The Unidentified Persons Project began in 2007 as a collaboration between members of the Coroner Division of the San Bernardino County Sheriff Department and a group of volunteer forensic archaeologists and anthropologists. The goal of the project is to exhume individuals who were buried by the county without identification in unmarked graves over the past hundred years and apply modern forensic analysis to the remains. By updating what we know about decedents through the extraction of DNA and more thorough methods of skeletal and tissue analysis, we seek to identify these individuals, providing closure to their families and an opportunity for re-burial in marked graves. In some cases, identification of those who died as a result of foul play provides law enforcement with additional opportunities to prosecute those responsible. In 2014, this project was expanded with assistance from the Institute for Field Research into a forensic archaeology and anthropology field school, providing additional opportunities and challenges for those involved. This talk will summarize the Unidentified Persons Project, focusing on the methodology we use and what we have learned so far. The talk will then discuss the broader impact that forensic archaeology can have on the identification of individuals and the challenges that face forensic archaeologists, using the project as a case-study.

Brown Bag Lecture, Mar 11

2 hours 15 min ago
This is a brown bag lecture

Brown Bag Lecture, Apr 1

2 hours 15 min ago
This is a brown bag lecture.

Life, Labor, and Maintenance of Indigenous Home Places in 19th Century Central California, Feb 18

Tue, 02/17/2015 - 12:25
In this talk, I will present an update on my current dissertation research at Tolay Lake Regional Park located in southern Sonoma County, California. This dissertation is a community-engaged research project that was designed in close collaboration with the Federated Indians of Graton Rancheria (FIGR), the tribe whose traditional territory is Marin and southern Sonoma Counties. To date, my research teams have completed two field seasons (2013 and 2014). Our goals for this research are: 1. to better understand the environmental history of the Tolay Valley; 2. to better understand the extent to which this valley was actively managed by Indigenous people; 3. to gain insight into the lives of Indigenous people during and after the establishment of Spanish Missions, Mexican ranchos, and the Californian state. I will pay special attention in this presentation to what the archaeological sites at Tolay can tell us about the experiences of Indigenous people working on ranches and making their homes on the traditional middens or mounds just beyond the immediate oversight of their employers.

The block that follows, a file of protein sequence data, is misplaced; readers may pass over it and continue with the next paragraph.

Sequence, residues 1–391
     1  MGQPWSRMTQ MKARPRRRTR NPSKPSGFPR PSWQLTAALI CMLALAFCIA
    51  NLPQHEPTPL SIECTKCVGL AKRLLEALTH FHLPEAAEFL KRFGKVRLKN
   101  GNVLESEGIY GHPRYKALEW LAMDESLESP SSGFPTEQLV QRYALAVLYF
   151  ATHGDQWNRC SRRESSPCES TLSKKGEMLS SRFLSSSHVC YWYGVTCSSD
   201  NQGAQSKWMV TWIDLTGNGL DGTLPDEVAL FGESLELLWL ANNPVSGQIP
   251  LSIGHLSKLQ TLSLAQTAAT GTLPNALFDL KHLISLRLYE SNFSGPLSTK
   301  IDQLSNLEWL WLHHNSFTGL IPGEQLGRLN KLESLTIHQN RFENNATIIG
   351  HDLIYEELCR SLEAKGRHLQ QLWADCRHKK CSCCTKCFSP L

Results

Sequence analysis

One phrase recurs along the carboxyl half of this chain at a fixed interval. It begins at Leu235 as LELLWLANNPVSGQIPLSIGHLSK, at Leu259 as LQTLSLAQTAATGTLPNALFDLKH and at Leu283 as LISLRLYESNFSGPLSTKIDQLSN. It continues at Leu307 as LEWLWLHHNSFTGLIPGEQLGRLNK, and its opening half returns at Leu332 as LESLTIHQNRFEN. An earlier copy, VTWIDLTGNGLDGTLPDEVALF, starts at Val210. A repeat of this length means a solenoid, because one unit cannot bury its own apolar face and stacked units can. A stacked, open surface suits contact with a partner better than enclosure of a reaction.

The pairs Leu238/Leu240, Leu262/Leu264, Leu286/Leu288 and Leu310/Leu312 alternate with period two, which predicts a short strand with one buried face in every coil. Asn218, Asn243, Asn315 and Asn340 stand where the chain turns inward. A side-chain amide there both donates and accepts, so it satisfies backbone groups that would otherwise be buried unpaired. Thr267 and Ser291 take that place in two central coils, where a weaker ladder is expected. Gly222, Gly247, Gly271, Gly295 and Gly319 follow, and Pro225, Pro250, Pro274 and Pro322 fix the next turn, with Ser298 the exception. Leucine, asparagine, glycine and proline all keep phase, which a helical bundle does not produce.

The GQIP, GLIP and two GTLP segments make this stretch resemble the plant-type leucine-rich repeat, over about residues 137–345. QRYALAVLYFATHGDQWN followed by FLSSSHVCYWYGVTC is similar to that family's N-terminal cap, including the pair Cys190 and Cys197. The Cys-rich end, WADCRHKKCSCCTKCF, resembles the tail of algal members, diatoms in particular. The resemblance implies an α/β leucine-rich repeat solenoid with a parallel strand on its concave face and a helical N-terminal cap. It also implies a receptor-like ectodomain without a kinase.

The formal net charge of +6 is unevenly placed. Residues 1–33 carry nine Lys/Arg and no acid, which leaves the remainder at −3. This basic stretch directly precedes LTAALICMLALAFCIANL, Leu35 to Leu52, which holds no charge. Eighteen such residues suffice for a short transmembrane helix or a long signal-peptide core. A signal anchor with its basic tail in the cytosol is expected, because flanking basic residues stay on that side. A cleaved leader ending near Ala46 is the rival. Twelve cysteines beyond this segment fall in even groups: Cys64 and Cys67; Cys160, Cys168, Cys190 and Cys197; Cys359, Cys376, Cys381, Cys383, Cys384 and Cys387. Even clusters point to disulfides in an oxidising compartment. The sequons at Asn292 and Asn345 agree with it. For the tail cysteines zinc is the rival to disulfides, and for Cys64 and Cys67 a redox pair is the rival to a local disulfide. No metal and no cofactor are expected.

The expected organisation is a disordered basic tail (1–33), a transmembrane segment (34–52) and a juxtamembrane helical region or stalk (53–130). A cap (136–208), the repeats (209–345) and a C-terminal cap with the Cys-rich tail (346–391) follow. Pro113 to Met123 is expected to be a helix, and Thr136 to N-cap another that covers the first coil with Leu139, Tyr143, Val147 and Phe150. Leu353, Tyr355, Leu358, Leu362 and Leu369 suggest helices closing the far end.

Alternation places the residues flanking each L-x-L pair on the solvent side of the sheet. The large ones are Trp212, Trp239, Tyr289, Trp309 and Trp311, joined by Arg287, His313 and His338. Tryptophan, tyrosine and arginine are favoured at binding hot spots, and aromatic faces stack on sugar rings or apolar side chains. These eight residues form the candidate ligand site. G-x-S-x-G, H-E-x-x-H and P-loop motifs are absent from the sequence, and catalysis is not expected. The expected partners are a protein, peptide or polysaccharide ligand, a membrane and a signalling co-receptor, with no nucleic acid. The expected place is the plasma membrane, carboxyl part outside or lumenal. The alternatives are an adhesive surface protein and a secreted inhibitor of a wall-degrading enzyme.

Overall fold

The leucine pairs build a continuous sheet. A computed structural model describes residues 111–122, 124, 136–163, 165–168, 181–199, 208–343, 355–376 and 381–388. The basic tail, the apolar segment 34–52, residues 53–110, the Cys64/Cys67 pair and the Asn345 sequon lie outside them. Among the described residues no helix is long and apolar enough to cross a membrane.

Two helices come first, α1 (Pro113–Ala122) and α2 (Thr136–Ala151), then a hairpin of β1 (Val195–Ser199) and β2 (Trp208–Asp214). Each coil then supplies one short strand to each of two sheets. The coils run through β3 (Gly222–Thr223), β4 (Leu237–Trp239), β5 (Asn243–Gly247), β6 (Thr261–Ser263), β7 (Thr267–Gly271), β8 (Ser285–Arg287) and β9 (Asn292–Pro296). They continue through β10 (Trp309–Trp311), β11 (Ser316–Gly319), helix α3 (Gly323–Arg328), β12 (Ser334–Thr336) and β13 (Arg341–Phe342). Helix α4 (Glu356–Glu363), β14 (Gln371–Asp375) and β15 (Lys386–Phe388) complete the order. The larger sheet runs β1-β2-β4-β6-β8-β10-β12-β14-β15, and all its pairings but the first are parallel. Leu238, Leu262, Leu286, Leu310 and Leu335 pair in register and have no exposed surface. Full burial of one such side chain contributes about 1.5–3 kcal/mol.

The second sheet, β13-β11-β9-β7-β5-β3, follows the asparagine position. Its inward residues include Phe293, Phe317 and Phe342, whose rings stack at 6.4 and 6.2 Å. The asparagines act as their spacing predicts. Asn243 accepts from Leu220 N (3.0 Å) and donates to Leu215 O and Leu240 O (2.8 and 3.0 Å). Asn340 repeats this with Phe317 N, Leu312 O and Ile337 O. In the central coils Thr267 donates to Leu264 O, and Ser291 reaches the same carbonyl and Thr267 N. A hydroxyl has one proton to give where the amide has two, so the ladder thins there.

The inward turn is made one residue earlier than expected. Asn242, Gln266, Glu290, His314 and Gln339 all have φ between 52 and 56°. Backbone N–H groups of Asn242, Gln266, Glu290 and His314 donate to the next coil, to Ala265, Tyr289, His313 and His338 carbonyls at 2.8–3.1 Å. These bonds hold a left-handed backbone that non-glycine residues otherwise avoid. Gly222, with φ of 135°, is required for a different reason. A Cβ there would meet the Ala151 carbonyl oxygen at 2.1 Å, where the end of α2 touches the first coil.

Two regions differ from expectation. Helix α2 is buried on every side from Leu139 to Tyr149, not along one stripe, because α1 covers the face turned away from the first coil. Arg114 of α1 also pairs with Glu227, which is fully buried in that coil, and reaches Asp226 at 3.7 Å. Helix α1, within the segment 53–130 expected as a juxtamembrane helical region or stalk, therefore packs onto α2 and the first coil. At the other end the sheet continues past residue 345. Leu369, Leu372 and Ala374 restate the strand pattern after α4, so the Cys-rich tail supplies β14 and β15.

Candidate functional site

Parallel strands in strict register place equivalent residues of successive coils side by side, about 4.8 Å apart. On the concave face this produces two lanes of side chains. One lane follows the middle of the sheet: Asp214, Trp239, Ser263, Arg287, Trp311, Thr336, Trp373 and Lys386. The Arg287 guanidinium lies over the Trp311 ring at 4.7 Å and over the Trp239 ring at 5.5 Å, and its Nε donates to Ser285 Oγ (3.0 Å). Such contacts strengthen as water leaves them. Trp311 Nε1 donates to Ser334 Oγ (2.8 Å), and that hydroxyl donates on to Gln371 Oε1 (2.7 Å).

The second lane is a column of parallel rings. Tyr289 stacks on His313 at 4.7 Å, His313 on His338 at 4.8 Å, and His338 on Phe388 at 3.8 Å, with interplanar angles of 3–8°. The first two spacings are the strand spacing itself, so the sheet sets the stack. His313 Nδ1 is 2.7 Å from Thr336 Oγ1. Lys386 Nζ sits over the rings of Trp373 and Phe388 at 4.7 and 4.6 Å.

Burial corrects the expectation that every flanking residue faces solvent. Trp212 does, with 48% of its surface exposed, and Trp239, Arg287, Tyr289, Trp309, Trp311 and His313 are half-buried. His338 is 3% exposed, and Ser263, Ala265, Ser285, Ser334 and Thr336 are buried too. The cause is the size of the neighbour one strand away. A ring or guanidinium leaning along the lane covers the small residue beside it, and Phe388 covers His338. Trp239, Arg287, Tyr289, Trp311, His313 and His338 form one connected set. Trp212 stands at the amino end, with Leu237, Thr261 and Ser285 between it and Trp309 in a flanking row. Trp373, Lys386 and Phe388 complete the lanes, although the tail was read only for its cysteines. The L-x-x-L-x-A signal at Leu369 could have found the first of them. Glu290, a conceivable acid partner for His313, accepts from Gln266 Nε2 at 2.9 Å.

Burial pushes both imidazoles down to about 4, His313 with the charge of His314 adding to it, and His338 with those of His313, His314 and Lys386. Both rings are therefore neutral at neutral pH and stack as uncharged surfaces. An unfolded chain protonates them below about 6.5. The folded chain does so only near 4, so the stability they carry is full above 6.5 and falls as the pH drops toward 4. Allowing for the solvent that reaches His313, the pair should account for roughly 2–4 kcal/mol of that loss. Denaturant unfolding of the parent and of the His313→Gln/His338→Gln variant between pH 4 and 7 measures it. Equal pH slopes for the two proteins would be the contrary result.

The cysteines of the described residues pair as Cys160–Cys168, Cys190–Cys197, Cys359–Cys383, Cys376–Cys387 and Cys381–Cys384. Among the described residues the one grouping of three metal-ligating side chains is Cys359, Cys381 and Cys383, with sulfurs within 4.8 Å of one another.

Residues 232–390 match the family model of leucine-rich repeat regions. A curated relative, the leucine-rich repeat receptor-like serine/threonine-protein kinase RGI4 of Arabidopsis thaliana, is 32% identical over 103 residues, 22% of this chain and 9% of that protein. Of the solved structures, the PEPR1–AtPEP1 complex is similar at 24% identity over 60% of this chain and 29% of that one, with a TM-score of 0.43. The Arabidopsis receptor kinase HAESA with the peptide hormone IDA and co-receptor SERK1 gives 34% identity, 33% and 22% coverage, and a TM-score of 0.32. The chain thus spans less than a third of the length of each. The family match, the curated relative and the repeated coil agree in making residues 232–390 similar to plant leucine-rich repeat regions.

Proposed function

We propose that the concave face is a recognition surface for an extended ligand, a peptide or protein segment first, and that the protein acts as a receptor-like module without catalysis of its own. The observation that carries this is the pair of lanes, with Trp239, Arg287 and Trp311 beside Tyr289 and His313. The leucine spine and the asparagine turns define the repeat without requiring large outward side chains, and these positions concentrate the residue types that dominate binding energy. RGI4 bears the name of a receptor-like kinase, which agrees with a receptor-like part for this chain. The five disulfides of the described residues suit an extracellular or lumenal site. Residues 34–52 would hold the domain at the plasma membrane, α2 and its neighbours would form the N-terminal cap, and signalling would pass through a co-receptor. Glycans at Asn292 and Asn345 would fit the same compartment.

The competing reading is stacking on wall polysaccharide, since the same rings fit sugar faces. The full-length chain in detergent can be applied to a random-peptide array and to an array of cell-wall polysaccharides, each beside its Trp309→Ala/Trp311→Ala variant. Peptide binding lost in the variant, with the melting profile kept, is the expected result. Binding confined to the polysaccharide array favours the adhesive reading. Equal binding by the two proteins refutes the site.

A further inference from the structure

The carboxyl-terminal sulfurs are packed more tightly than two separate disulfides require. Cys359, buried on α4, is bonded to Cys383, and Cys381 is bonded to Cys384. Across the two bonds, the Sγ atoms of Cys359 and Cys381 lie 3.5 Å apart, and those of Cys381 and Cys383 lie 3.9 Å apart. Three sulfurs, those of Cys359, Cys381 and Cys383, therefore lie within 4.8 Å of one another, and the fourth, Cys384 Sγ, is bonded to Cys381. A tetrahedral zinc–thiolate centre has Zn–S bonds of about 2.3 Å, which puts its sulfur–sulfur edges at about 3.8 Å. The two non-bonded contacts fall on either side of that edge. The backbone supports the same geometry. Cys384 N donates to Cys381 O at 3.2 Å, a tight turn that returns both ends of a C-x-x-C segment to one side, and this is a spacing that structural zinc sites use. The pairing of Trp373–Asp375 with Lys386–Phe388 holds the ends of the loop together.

A Tale of Two Rockshelters, Feb 25

Tue, 02/17/2015 - 12:25
Until recently, the Mangareva (Gambier) Islands of French Polynesia have remained among the least studied in Eastern Polynesia from an archaeological perspective. Since 2001, Prof. Kirch has directed five seasons of fieldwork in Mangareva, resulting in the definition of a prehistoric cultural sequence extending back to ca. A.D. 950 and initial Polynesian colonization. Faunal and floral assemblages recovered from two well stratified rockshelters on Agakauitai and Kamaka Islands reveal dramatic changes in the islands' ecology during the period of Polynesian occupation, including the extirpation of large seabird populations, the introduction of invasive rats, and deforestation.

Brown Bag Lecture, Mar 25

Tue, 02/17/2015 - 12:25
This is a brown bag lecture